SparkFun bluesmirf PIN Scam

That is an officer of the law holding a modified pin pad discovered in Waterloo, Ontario, Canada. You can barely see it in this image but among other mods the pin pad has a BlueSmirf module attached to it. This allows someone sitting within ~100 feet away to capture all of the information transmitted by the pin pad including credit card information and the PIN number. Now SparkFun commented on this issue , and I agree with Nate that all things can be used for good or evil including their products. I don’t believe SparkFun should be blamed in any way for this, it’s the companies that make the pin-pads that should take care more of the security of their devices.

Bad guys will always try to trick the systems but it’s the companies who make credit card processing devices that should be one step ahead of them. I’ve read the comments on SparkFun’s blog and someone who works in a company that makes this devices said that they have all kind of security features that will make the pin pad unusable once someone tried to open it without authorisation. Someone else said they even have an internal battery for monitoring even if the pin-pad is unplugged or has it’s main battery removed so I’m not sure how someone managed to mount the BlueSmirf inside the pin-pad.

Keykeriki, the universal wireless keyboard sniffer

Wireless equipment ranging from mobile phones to routers, car alarms or PC peripherals have become an important part of our lives. Most of us use at least one wireless device every day whether you’re at home or at work because it’s a lot more comfortable having no wires connected.

Keykeriki (from ‘kikeriki’, the sound of a rooster) is a very useful tool for verifying the security level of transmissions from someone’s wireless keyboard. An OpenSource hardware and software project currently working with Microsoft keyboards and free for non-commercial use, the Keykeriki can also demonstrate sniffing attacks for educational purposes only.

Using the Texas Instruments TRF7900 chip, an ATMEL ATMEGA microcontroller and an SDCard interface for logging, the sniffer also has a USART channel for future hardware add-ons that the designers like to call ‘backpacks’. The device requires a 5V power source and can also be powered using the USB port. It can be used with a terminal application or the keyctrl software partially provided in the software package of the project.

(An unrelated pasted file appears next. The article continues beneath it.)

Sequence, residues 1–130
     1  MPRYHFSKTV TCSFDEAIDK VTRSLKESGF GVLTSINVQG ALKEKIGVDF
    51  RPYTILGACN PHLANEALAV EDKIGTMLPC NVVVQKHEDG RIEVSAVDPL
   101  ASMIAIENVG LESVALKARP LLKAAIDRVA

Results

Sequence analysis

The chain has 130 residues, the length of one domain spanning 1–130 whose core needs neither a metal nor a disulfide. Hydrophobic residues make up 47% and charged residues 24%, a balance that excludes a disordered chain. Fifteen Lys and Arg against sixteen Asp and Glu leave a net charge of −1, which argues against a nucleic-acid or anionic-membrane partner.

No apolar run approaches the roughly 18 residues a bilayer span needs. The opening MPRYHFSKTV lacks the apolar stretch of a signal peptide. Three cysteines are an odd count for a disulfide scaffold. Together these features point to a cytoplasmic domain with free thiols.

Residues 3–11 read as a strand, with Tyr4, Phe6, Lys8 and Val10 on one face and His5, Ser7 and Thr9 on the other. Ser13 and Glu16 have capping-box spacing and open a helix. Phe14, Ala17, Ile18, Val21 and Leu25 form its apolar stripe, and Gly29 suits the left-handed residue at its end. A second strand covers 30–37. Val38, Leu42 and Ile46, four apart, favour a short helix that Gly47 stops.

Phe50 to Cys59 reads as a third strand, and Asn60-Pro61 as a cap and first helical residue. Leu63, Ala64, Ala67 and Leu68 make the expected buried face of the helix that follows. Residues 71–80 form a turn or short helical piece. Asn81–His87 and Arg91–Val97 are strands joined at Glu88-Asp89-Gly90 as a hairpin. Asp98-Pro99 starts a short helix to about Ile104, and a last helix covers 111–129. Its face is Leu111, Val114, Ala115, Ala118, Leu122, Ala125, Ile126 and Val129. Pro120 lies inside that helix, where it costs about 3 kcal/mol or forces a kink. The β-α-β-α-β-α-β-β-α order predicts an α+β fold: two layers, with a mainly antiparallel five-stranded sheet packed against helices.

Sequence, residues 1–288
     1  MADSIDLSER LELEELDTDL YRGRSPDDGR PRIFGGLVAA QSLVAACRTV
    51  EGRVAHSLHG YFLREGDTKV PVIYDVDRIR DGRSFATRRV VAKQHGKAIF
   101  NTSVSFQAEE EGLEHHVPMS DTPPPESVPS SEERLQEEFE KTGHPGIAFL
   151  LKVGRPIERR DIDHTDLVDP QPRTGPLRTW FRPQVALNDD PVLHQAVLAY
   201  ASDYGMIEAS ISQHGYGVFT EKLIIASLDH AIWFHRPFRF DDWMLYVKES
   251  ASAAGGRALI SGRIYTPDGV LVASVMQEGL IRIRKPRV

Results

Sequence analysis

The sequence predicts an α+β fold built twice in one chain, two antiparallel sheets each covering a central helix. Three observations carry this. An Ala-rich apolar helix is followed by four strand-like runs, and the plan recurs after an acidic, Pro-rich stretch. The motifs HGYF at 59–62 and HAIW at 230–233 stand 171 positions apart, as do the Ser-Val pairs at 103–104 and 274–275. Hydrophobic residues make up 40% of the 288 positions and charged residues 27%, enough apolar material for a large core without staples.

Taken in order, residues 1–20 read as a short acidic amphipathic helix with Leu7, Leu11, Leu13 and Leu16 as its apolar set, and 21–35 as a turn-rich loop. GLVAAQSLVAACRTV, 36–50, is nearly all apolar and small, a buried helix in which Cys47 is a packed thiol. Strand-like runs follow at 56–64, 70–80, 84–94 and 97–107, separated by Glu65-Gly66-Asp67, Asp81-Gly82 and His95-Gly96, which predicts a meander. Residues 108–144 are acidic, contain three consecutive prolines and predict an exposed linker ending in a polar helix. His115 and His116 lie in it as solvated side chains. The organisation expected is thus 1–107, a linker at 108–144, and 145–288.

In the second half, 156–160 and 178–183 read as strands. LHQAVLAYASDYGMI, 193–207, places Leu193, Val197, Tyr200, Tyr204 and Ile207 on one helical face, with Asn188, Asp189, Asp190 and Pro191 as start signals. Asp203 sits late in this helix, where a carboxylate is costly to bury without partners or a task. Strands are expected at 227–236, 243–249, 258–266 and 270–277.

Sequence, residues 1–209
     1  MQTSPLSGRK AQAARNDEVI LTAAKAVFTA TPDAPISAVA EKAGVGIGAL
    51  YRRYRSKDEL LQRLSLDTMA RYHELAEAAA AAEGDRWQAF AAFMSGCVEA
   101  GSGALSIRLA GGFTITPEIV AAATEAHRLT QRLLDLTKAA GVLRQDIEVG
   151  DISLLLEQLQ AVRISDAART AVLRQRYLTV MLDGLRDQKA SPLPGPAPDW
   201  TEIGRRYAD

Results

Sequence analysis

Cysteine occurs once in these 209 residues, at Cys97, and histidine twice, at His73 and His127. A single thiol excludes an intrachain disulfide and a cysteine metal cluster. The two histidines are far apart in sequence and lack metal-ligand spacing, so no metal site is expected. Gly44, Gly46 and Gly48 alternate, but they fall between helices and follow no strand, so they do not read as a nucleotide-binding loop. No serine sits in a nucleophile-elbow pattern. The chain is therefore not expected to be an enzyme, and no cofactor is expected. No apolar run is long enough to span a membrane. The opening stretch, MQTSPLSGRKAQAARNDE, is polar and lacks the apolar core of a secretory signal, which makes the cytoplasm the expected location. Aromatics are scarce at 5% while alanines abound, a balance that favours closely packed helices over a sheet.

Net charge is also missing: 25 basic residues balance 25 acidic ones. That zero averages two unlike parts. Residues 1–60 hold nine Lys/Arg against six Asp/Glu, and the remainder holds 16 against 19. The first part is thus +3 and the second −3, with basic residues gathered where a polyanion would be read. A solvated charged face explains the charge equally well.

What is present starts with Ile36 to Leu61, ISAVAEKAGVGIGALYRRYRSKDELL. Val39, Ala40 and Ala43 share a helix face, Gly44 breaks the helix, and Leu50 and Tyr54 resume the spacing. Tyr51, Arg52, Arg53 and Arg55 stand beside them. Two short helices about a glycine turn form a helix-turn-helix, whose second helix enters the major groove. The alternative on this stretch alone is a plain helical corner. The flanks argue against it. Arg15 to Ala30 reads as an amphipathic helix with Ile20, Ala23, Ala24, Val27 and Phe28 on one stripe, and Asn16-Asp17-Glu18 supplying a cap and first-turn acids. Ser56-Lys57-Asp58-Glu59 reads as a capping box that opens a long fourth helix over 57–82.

Being a very small and flexible project in terms of hardware, but quite ambitious in terms of information provided to the user, most features are built within the software. And it’s a pretty long feature list, with radio frequency channel switching, signal strength display, encryption key handling, deciphering Microsoft’s XOR based encryption, decoding of keystrokes from Microsoft 27Mhz based keyboards and more.

Entitled as ‘universal’, the creators of the sniffer pride themselves with having decoded Logitech keyboards transmissions and they plan on adding this feature in a future release. They are also working on designing a few Backpacks, including LCD display and Iphone interface and they plan on providing ready-made boards at a fair price in just a few weeks.

While the project raises some questions about privacy, it’s definitely an interesting and useful one. As I have mentioned before, it’s an OpenSource project, so coding and hardware schematics are available for download in the link below.

Keykeriki, the universal wireless keyboard sniffer: [Link][Via]

July 15th, 2008

Caller Line Identification

Caller Line Identification

Caller Line Identification

Caller Line Identification

Caller Line Identification displays on a (216) LCD the phone number of the person who is ringing you, before you even answer. Even though most modern phones have this option built-in it’s nice to learn how this things works and who knows it might even be usefull when you try to integrate such a function in a future project. The number stays on the LCD till its replaced by a new received phone number OR if the button is pressed.

The circuit has allot more functions, but I’m not gonna present them here, just visit it’s page to see the full info.

Caller Line Identification: [Link]

Webcam With Servo And Web Interface

The purpose of this project is to show, how you can build a surveillance system with web-page interface. The webcam can be moved vertical or horizontal through the interface, but only in the area that border sensors will allow. The control page is secured with login system, where the user types in an user-name and a password.

On the control page the user can control how the webcam will turn and how many steps it will run. The user can also turn the webcam on and off via web interface. Information about the states will immediately update on the screen. User can also turn the motion detector online, if the camera detects motion, it will automatically save the frames. Naming of the pictures is done with “timestamps”, so it is possible to find out when the picture was taken.

The part that interests me on this project is the servo, because a few years ago i was thinking to something like this, but i never build it. Now it’s nice to see, someone actually build it.
Webcam With Servo And Web Interface: [Link][via]

April 8th, 2008

AVR Ethernet Webserver

AVR Ethernet Webserver very small board

On the previous article i said that i am going to build a project to interface a VGA camera from a phone with a MMC memory. Well this project is even more versatile because of its webserver feature trough ethernet. You’ll just need an old cellular addon camera, an Atmega32 microcontroller and an ENC28J60 Ethernet controller. If you keep things tight the final board should be really small. Heck you can even use this as a spy device, and broadcast over ethernet what the camera see’s.

AVR Ethernet Webserver: all links are dead. sorry

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